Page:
The First to Fall
Some of East Belfast's earliest WW1 casualties were recorded on 26 August 1914.
Private Hugh Bailie [6981) of the Prince of Wales's Volunteers the 2nd South Lancashire Regiment, died of wounds in Belgium on 26 August 1914 after being taken prisoner by the German Army. Bailie, aged 31, lived at 21 Wolff Street, though he also had a connection to 54 Frome Street He left behind a wife named Sarah [from Toronto, Canada]
Private Bailie entered the theatre of war on 14 August 1914 and he was dead within 12 days, his name is recorded on the La Ferte-Sous Jouarre Memorial, France.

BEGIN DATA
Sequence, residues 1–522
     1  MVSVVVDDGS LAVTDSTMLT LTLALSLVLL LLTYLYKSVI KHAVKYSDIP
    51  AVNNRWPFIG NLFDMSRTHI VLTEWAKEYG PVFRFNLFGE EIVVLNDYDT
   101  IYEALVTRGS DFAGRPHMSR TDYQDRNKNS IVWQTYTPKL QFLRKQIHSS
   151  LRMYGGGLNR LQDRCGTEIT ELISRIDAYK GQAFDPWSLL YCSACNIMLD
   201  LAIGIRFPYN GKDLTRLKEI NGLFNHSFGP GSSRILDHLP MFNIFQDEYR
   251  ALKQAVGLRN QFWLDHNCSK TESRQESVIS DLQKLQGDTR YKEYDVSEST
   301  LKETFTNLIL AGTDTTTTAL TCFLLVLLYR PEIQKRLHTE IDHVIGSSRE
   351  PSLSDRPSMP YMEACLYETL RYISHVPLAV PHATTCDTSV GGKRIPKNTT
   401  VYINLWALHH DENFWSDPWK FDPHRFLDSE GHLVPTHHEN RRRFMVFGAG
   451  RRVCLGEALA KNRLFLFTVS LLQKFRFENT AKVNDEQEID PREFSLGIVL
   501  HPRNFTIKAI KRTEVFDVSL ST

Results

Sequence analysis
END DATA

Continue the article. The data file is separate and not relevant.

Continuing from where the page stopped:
Another early casualty from East Belfast was Private William Ruddy (10410) of the 2nd Inniskilling Fusiliers. Ruddy, aged just 22, was killed at the battle of Le Cateau on 23 August 1914. Private Ruddy is also commemorated on the La Ferte-Sous Jouarre Memorial, France.
Private Ruddy was the son of William Ruddy who lived at 17 Ardgowan Street. Of this family, there were no less than FOUR brothers who served in WW1 and all of them had unfortunate experiences. Jacob Ruddy was wounded at both Gallipoli and France, Richard Ruddy was taken prisoner at Le Cateau on 26 August 1914 [although not verified until 28/8/14], while Joseph Ruddy was invalided home.